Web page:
Saturday’s violence in Sana’a, a bizarre post-apocalyptic drama

Most of you following Yemen are aware of what happened at the demonstrations last Saturday, March 12th. What most of you don’t know is what was happening before the violence. I’m also confident that absolutely no one knows exactly what started the violence.

I got a text message from one of the youth organizers who is running a part of the facebook portion of the movement at around 11 PM Friday night. He mentioned that some armed thugs had been spotted near the borders of the sit-in. When I went to Sana’a University to assess the situation, I didn’t find any armed thugs. However, I did find that the protest had taken new ground, erecting tents at least half a mile past City Mart on Dairee Street (for those of you familiar with Sana’a).

There were also 75-100 riot police, accompanied by two huge water hose anti-riot trucks,  on either side of the intersection by City Mart. These are the police that would eventually clash with pro-democracy demonstrators later that morning. What was bizarre about yesterday’s violence is that, the night before, these riot police and these demonstrators spent hours standing in front of each other, talking, and having a laugh or two.

Sometimes chanting, sometimes talking, the exchange was casual. Almost friendly. Most of the chants being sung by demonstrators were ones begging for the police to join the protest. When the police answered back using megaphones, they made sure the demonstrators knew that they were all brothers and that everyone was just tired.

“Please, both of us (police and demonstrators) should just go to sleep,” said one of the police officers with a megaphone. Both sides laughed.

These exchanges were broken up among tiny events and actions like the water pump of the riot truck being turned on or police adjusting their riot shields. Every time a light on a riot truck would turn on, the scene would become tense again. People would begin yelling and pushing each other. I’d rip my notepad out of my back pocket, bracing myself for shooting and tear gas. But that moment never came.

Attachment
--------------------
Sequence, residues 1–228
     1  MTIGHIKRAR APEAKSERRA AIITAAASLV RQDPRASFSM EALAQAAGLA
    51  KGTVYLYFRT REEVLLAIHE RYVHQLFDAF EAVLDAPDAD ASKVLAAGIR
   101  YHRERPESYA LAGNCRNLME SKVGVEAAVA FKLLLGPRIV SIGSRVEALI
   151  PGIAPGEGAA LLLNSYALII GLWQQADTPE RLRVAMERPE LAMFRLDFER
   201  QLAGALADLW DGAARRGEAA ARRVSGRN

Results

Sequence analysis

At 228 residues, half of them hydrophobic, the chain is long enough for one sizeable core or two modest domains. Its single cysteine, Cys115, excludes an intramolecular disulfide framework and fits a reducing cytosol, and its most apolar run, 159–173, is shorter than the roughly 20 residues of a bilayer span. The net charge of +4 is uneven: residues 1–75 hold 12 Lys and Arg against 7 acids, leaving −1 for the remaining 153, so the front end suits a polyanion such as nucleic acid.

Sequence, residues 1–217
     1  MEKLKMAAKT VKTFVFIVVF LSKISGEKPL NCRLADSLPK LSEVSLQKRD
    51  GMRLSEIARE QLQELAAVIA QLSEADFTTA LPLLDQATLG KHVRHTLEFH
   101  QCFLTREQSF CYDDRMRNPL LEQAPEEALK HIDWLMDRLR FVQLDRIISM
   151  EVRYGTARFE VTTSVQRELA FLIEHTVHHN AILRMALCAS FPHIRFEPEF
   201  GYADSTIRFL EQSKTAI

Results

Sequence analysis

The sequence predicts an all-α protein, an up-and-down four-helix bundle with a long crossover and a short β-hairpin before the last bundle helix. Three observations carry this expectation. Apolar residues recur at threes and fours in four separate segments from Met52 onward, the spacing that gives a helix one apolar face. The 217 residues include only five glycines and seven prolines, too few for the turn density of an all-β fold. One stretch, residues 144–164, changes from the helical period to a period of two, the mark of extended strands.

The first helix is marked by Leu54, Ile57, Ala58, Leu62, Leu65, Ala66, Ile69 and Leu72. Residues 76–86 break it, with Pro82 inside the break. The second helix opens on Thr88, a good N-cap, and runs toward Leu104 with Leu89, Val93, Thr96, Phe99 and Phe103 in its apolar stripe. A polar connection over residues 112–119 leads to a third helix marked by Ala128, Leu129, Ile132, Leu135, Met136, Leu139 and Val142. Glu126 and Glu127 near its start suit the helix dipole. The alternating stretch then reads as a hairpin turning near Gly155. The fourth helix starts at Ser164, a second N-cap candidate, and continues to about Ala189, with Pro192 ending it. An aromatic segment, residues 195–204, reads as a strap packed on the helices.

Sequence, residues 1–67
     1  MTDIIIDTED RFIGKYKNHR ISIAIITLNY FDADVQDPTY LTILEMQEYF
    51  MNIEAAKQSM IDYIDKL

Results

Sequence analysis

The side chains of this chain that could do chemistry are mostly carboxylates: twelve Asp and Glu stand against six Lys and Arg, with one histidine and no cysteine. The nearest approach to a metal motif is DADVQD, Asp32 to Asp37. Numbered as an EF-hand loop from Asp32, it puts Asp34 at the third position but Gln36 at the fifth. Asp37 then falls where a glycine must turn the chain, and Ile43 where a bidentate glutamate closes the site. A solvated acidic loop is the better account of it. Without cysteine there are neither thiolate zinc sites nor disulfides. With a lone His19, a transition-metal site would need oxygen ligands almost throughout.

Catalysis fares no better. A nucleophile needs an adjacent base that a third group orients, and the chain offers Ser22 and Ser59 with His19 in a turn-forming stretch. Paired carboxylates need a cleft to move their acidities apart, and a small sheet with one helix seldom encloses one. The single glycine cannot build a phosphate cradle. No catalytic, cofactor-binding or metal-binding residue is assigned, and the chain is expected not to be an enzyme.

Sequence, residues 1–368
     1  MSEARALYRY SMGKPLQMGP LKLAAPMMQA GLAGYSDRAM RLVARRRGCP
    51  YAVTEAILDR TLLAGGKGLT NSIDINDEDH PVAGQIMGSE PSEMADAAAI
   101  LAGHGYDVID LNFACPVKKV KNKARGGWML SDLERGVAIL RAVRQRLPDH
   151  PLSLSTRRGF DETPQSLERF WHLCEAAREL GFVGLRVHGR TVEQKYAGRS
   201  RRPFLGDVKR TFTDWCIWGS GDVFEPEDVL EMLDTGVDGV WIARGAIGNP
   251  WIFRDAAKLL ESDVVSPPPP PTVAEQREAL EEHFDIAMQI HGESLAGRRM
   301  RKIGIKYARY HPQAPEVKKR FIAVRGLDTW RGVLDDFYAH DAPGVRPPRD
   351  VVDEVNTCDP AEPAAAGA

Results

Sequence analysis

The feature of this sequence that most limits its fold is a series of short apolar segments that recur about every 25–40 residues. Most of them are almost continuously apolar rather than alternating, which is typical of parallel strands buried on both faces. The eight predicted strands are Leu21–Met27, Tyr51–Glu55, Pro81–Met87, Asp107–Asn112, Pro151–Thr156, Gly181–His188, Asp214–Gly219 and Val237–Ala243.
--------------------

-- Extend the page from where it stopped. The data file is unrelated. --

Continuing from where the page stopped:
I eventually went back home at 4 in the morning, 5 hours after I arrived, after 5 hours of nothing but what seemed to be causal banter.

After an hour and a half of sleep I got a text message from the same youth organizer. “They’re attacking us now.”

When I made it back to where I’d been just two hours before, the scene had descended into chaos. It made me think of cheesy post-apocalypse movies like Mad Max. The fact that police and protesters were cracking jokes to each other two hours before made it even more bizarre.

This picture is exactly where I was standing that night, before fighting broke out. The same place cops were cracking jokes and protesters were begging them to join in their calls for Saleh’s ouster.

Taken by @yemen

To assess the situation, it seems as though a small contingent of Yemeni Central Security soldiers were tasked with making sure that protesters didn’t set up camp passed this intersection. There were, at most, 100 soldiers on either side and thousands of protesters. It was obvious that the soldiers were scared and wanted to avoid violence as best they could. The fact that they negotiated with them for five hours before violence broke out is testament to this.

Who knows who threw the first stone or swung the first baton in this battle. But from what it seems, Yemeni military and security forces are spread so thin that they are now being sent to complete impossible tasks. Keep in mind that after hours of fighting, protesters armed only with stones eventually forced the soldiers into retreat.

Following Saturday’s violence, I won’t be surprised to see soldiers begining to join the protests. I’m fairly sure that the only reason many haven’t already done so is because they don’t want to lose their job. As it becomes clearer that Saleh’s days are numbered and soldiers continue to be sent off to fulfill impossible and incredibly dangerous tasks, they’re going to start defecting.

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3 thoughts on “Saturday’s violence in Sana’a, a bizarre post-apocalyptic drama

  1. Pingback: Saturday's violence in Sana'a, a bizarre post-apocalyptic drama … | Not Quiet

  2. It’s not a surprise that the police call the demonstrators their brothers, that’s because they are. This country is tribal. Just because many young males, 2/3 of the population is unemployed, work for the military does not mean that they will continue to enforce this government. They are all neighbors and, in many cases, family. For anyone who has experienced Yemen, it’s a shame that the government has let its people down so much so, that they had to begin rioting. A democracy has four pillars: Life, liberty, Equality and Fraternity. Until all of these needs are met, Yemen will be a county of discord and uprising.

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